On Sept. 11, 2001, Maha Syed, then a young student on Long Island, happened to wear a T-shirt with a printed image of the World Trade Center to school. In the fear that grew throughout the day, following the news of planes flying into the Twin Towers, she panicked, covering the coincidental top with a gym shirt.
That evening, when a candlelight vigil took place on her street, she told her mother: “We are the only Muslim family on this street, we have to show our loyalty.”
Miles away, in Greenville, SC, Kadin Herring watched the towers fall on television. Next to him, his father, who had converted to follow in the footsteps of Malcolm X, said, “As a Muslim, things are going to change from now on.”
In the years that followed the attacks, perpetrated by 19 Islamist terrorists, Amir Khafagy, a self-described “Arab-Rican from Jackson Heights, Queens,” heard ignorant remarks from his Catholic relatives about Muslims. He wanted to say they’re wrong.
“But I can’t,” he said. “I just feel bad inside.”
“Beyond Sacred: Voices of Muslim Identity,” a performance bridging memoir and theater, initially seems like it looks to blow the hinges off doors some Americans may have kept closed to conversations about Islam since 9/11.
But looking to instead invite audiences to cross-examine what it means to be Muslim in today’s society, the performance, at the LaGuardia Performing Arts Center in Long Island City, doesn’t aim to rattle. It beckons audience members into the worlds of the five 20-somethings, who simply tell stories on the vulnerable stage space.
The cast is fascinating in its diversity. Alongside Syed, Herring and Khafagy, Tiffany Yasmin Abdelghani, who converted to Islam as a young adult and now wears a hijab, and Ferdous Dehqan, a native of Afghanistan who recounts unnerving instances of violence there, also share.
Discussions cover the entire breadth of emotion, sometimes hovering over sweeter memories of family and faith, but also pivoting to more exasperating territory, particularly when remembering ignorance, prejudice or harassment.
“The script is crafted chronologically and sort of interweaves their stories with political history,” said co-writer Sara Zatz, a Jackson Heights resident. “Just having a shared religion doesn’t mean you have a shared experience.”
Zatz added that it was a “happy accident” that those selected happened to all together elucidate what it meant to be Muslim in the past decade.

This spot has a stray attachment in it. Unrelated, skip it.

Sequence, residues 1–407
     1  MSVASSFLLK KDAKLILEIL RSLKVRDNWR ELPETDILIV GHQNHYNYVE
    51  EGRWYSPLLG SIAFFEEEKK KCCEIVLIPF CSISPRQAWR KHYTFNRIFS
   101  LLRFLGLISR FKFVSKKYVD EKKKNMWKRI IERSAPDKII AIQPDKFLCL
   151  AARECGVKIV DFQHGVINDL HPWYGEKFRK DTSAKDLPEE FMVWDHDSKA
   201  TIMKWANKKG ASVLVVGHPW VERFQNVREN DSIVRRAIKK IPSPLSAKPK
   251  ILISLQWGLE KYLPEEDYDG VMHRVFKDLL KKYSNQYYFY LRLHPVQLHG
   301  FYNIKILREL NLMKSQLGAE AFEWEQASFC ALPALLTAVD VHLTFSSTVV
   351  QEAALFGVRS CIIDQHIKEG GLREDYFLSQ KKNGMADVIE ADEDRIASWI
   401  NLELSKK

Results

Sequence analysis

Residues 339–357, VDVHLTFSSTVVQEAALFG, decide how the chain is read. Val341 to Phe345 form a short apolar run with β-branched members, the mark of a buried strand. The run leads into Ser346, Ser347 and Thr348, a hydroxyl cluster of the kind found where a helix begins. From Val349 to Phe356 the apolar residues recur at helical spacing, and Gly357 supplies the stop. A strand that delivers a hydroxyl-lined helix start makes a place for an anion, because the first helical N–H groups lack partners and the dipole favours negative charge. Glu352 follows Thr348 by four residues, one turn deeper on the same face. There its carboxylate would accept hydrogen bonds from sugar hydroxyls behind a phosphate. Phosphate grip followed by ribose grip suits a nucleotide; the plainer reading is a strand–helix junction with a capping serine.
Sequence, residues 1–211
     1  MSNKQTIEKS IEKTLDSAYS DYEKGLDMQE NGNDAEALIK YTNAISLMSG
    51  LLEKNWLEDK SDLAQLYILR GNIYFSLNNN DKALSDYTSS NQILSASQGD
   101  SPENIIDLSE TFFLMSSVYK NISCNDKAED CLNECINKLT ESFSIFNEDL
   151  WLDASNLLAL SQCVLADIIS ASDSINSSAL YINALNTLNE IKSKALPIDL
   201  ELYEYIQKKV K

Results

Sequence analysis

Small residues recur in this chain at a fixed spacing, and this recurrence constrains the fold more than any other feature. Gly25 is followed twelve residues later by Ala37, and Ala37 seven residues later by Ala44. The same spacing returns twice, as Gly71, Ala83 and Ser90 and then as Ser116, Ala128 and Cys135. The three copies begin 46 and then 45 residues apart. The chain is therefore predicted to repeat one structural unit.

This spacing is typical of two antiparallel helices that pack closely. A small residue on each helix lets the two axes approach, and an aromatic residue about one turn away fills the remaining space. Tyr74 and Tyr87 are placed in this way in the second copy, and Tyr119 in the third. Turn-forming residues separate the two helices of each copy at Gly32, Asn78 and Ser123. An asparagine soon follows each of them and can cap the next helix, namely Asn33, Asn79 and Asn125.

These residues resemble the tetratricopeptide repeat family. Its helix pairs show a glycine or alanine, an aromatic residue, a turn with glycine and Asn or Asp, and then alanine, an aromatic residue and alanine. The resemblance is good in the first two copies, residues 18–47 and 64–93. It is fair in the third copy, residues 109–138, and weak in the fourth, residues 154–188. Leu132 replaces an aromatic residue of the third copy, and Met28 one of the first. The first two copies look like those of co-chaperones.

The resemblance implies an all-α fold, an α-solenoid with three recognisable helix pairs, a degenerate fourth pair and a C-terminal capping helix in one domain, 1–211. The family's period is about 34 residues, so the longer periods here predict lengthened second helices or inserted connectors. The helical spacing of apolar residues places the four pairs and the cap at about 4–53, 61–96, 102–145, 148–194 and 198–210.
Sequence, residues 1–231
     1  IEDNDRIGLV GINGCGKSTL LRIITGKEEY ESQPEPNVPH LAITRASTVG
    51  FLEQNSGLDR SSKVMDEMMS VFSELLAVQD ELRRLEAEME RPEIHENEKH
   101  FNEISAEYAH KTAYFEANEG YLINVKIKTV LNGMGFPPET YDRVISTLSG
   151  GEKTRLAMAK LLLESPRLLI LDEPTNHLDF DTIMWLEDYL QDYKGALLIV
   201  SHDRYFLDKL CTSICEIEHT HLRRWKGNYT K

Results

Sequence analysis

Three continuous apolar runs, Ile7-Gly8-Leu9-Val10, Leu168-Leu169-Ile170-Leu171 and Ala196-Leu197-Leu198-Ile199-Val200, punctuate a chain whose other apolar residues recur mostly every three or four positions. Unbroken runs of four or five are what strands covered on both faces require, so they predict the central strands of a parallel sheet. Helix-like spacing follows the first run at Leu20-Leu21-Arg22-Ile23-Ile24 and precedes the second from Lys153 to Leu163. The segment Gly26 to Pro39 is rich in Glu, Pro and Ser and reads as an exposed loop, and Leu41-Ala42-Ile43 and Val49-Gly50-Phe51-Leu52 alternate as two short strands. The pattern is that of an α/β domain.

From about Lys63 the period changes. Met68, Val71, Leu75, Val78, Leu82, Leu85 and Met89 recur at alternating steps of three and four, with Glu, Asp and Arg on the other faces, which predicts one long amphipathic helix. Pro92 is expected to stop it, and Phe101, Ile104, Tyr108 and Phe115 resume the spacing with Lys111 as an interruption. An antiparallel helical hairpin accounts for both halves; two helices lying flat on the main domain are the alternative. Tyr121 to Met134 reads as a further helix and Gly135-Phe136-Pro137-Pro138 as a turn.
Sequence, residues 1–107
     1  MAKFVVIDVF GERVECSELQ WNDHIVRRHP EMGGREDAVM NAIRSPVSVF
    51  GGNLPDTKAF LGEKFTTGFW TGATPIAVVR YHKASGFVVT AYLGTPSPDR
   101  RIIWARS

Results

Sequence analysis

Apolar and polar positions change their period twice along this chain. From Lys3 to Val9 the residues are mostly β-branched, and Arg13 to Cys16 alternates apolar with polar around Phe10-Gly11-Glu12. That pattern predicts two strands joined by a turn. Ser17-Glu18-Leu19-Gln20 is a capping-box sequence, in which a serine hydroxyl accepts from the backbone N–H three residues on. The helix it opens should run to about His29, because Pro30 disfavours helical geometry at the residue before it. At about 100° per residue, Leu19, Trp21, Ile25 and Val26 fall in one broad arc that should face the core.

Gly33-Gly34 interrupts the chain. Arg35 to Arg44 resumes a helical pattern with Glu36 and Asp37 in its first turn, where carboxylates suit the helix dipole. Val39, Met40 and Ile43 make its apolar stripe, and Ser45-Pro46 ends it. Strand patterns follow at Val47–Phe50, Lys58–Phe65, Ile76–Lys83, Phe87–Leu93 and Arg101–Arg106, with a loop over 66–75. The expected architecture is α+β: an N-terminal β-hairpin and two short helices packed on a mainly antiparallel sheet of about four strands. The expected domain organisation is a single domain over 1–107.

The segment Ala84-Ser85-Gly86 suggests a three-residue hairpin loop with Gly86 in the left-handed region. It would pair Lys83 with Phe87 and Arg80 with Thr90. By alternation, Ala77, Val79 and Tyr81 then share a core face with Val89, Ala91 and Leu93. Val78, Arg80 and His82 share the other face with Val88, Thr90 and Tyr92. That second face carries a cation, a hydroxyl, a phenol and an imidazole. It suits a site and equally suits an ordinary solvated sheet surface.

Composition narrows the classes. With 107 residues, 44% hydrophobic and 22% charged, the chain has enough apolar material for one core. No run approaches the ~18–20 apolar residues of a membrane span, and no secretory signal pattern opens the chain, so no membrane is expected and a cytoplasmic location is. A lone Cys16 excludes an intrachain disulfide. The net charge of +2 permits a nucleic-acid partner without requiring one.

The project, months in the making, is also the latest in a two decades-long storytelling series crafted by Ping Chong + Company called “Undesirable Elements.” The producers gather real people with intriguing stories, interview them, and form a script. It’s a fresh inspection of the human experience.
“I was interested in giving voice, creating a space for people who were not the majority culture to empower them to speak,” Chong said of the work.
Past shows spotlighted teens who endured war and survivors of sexual abuse.
At LaGuardia Community College, the performance is the culmination of a months-long effort to explore Muslim identity through theater, dance and music. The school was one of six nationwide that received grants to do so.
But the presentation reflects the simple aim to tell stories: five chairs, microphones and scripts are set against a screen, upon which maps and captions flickered.
The effect is arresting. The lives of the instantly intriguing cast members bloom in new permutations, harnessing pathos in a way that may provoke new perspectives that stick even after leaving the theater, but don’t render the show too saccharine.
Some elements might grate on nerves, such as the cast’s repetition of phrases and claps, which effectively signify new beats in the narrative but may distract and overamplify the drama.
But the overall work is spellbinding, even for the actors, it seemed.
“It was also a journey into my own family history,” Khafagy said.